Oscar 2013: S&S

Oscar S&S (Snubs and Surprises)

The bad but inevitable news from having such a great year at the movies is the incredible disappointments with the Oscar nominations.

But Thursday morning’s nomination announcement was especially tough on the vet, legendary personas.

The Academy is not sentimental or nostalgic anymore:

No Oprah Winfrey for “The Butler”?

No Emma Thompson for “Saving Mr. Banks”?

No Robert Redford in “All Is Lost”?

No Tom Hanks in “Captain Phillips”?

No posthumous nomination for James Gandolfini in “Enough Said”?

The Academy shows a shifting trend to an organization cultivating the image of a younger, cooler, hipper (au courant) organization.

Remember Titanic, when Leonardo DiCaprio failed to get a nomination.  This year, DiCaprio wasn’t left off the Oscars list for “The Wolf of Wall Street.” And

Harvey Weinstein managed to keep his best picture streak alive–he’s been nominated in the category every year since 2008’s “The Reader”–by effectively campaigning for “Philomena.”

The biggest Oscars snubs and surprises are:


Oprah Winfrey, “Lee Daniels’ “The Butler.” Her best onscreen work since 1985’s “The Color Purple” was at one point seen as a frontrunner in the best supporting actress category. It might just be that the Academy, which has a notoriously short memory, forgot the Lee Daniels drama, which was released in August. The film and its star Forest Whitaker were also left off, despite a strong showing at the Screen Actors Guild nominations.


Emma Thompson, “Saving Mr. Banks.” The universally loved actress is the only person to have ever won Oscars for both writing (1995’s “Sense and Sensibility”) and acting (1992’s “Howards End.”) Academy voters were not fans of Disney’s “Saving Mr. Banks” in general–the Mary Poppins origin drama only received one Oscar nomination in total (Original Score), a rather embarrassing display, considering “Banks” was a tailor-made awards drama featuring Walt Disney himself.


Robert Redford, “All is Lost.” Back in September, Redford wasn’t just a frontrunner for a nomination–he was predicted to win his first acting Oscar ever for this one-man show.  Redford has only been nominated for an Oscar once for 1973’s “The Sting.”

In the end, he was hurt by Lionsgate’s weak campaign for the film, as well as by the fact that the drama doesn’t play well on a DVD screener.


Tom Hanks, “Captain Phillips.” It wasn’t a good year for men lost at sea. Hanks, who has won two Oscars but hasn’t been nominated in 13 years, was overlooked for both “Captain Phillips” and “Saving Mr. Banks.”


“Inside Llewyn Davis.” Even with nine best picture nominees, the Coen brothers, a perennial Academy favorite, lost out this time in the top category with their musical dramedy.  It’s one of the myseries of the season: The Coens lyrical feature failed to get nominations from any of the guilds.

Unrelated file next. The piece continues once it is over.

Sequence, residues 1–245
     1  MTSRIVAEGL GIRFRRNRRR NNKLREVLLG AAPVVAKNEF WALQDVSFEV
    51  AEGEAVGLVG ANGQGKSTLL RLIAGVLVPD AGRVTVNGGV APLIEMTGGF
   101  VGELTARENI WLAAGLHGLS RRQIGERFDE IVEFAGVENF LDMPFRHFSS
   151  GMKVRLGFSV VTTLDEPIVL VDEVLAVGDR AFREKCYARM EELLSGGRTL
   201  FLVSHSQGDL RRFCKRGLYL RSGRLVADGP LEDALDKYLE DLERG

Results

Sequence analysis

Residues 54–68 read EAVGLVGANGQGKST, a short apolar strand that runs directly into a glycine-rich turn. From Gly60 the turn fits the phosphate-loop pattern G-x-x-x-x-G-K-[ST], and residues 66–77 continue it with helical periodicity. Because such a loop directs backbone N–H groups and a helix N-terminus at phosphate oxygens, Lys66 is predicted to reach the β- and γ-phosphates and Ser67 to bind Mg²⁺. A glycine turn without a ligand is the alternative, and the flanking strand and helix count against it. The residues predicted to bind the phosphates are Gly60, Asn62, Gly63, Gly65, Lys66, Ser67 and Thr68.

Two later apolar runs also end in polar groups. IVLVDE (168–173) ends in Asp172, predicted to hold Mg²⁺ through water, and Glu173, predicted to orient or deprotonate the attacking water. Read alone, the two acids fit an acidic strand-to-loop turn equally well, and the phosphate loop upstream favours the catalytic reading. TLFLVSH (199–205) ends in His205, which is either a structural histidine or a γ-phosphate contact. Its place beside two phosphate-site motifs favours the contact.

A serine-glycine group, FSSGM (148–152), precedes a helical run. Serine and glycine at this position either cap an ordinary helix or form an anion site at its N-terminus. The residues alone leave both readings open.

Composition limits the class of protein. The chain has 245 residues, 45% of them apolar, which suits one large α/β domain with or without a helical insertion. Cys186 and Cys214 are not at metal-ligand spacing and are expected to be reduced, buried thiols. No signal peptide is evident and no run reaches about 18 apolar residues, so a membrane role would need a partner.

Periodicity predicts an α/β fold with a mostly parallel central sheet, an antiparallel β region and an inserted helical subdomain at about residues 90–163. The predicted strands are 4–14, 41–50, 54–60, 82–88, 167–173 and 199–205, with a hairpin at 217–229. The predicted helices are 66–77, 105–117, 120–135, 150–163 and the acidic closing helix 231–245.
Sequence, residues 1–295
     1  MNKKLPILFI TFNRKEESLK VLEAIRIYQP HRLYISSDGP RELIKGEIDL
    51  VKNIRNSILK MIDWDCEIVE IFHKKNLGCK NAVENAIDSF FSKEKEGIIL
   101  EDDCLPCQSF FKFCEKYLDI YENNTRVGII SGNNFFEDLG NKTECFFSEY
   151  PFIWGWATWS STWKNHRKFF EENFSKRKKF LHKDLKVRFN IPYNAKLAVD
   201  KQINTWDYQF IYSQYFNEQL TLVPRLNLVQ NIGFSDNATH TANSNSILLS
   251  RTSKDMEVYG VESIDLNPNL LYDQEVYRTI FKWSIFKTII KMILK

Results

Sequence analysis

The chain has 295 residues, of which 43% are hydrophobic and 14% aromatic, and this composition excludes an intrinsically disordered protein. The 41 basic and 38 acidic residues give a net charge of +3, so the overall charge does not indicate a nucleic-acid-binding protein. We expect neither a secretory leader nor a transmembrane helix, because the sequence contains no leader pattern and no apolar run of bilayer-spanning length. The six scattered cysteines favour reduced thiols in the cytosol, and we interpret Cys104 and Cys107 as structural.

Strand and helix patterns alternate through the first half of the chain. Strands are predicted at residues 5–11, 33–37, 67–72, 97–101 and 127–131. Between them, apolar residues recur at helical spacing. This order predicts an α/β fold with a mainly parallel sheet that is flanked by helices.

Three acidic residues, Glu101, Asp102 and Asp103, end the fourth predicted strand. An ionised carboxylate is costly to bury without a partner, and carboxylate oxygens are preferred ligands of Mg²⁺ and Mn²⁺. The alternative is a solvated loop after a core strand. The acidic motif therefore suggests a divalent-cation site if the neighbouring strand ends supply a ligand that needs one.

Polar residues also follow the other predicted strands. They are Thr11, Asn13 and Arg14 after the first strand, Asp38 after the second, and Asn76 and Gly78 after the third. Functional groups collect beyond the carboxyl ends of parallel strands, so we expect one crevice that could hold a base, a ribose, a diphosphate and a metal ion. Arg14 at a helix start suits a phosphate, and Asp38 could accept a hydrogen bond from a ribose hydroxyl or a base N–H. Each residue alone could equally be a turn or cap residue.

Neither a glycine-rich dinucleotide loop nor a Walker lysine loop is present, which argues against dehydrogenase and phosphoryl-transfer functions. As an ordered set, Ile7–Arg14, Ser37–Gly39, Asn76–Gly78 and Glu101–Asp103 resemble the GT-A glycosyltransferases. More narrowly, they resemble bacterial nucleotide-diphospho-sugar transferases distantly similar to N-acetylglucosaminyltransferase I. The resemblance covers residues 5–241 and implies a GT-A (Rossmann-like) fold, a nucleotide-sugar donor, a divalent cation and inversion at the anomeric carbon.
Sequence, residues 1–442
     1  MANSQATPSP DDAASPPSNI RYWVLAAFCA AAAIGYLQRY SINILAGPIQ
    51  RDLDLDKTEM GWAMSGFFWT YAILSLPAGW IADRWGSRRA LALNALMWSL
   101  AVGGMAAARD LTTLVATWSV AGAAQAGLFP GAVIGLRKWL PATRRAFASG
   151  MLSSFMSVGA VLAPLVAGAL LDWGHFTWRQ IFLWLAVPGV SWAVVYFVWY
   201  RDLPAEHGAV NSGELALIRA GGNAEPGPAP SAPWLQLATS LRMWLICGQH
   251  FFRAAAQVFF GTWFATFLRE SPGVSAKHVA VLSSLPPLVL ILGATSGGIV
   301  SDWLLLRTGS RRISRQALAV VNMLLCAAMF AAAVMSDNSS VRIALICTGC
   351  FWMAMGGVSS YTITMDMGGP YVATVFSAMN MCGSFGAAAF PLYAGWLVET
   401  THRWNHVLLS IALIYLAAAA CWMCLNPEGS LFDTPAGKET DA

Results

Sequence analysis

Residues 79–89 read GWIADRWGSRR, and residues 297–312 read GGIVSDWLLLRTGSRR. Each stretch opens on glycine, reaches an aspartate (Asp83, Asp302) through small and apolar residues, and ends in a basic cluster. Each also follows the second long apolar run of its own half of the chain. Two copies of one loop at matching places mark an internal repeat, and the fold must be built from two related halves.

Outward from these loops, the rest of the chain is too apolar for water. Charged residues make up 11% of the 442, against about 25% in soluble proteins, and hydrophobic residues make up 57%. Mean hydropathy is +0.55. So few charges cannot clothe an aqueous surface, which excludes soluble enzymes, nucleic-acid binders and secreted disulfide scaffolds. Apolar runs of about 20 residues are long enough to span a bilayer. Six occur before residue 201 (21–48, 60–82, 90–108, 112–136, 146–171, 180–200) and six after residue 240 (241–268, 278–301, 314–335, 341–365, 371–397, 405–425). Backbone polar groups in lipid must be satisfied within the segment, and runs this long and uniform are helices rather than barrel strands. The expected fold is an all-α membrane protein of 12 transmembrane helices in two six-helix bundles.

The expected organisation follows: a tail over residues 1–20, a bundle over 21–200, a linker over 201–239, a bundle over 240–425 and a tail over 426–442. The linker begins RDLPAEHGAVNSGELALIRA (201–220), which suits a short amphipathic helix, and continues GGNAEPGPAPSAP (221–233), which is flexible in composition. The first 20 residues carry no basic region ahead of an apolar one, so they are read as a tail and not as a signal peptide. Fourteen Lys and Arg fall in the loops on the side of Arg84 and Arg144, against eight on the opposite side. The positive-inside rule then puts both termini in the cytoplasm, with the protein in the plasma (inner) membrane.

Joaquin Phoenix, “Her.” He carried the Spike Jonze drama (with the help of Scarlett Johansson’s voice), but the best actor race was too crowded.


This is borderline snub.  Some (nor me) believe that James Gandolfini, “Enough Said.” He deserved a posthumous nomination for best supporting actor for his turn (his last) in the Nicole Holofcener romantic comedy.


Daniel Bruhl, “Rush.” Ron Howard’s race car picture underperformed at the box office, but Bruhl looked like he could have made a comeback after his nominations from both the Golden Globes and the SAGs.

SNUB: “Fruitvale Station.” Despite its status as the breakout indie of the year and backing from the Weinstein company, Ryan Coogler’s emotionally powerful drama didn’t make it into the best picture category. Its summer release date probably hurt its Oscar chances.

SNUB: “Monsters University.” Pixar usually has one film in the best-animated category. Its presequel to “Monster Inc.” has been overlooked for most of awards season.

SURPRISE: Amy Adams, “American Hustle.” After her Golden Globe win on Sunday, Adams has quietly been building momentum as David O. Russell’s comedy continues to perform well at the box office. This is her fifth Oscar nomination. And she’s now is in the curious position of being the only non-winner in the category opposite Cate Blanchett (“Blue Jasmine”), Sandra Bullock (“Gravity”), Judi Dench (“Philomena”) and Meryl Streep (“August: Osage County”). Blanchett is still the frontrunner, but if there’s an upset in this category, it will be Adams.

SURPRISE. Christian Bale, “American Hustle.” Last year, David O. Russell’s “Silver Linings Playbook” became the first film in 31 years to land Oscar nominations in all four acting categories. O. Russell pulled off that trick again, making “American Hustle” only the fifteenth movie to do so, with the inclusion of Bale, Adams, Bradley Cooper and Jennifer Lawrence.

SURPRISE. Leonardo DiCaprio, “The Wolf of Wall Street.” DiCaprio had started to look like the Susan Lucci of the Oscars. This is his fourth nomination, but he’d been previously snubbed a lot (see “Titanic,” “Catch Me if You Can,” “The Departed,” “Revolutionary Road,” “Shutter Island,” “Inception,” “J. Edgar” and “Django Unchained.”) What did he do differently this year? He actually campaigned a little.

SURPRISE: Sally Hawkins, “Blue Jasmine.” This was the first role as an American for Hawkins, who was humble and gracious on the Q&A circuit this past year.

SURPRISE: “Philomena.” The small British drama is one of the happy surprises of the year for the Weinstein Co. Many thought that Weinstein, who has been nominated for best picture every year since 2008’s “The Reader,” might be sitting this Academy Awards ceremony out. But they forget the No. 1 rule of the Oscar race: never count out Harvey.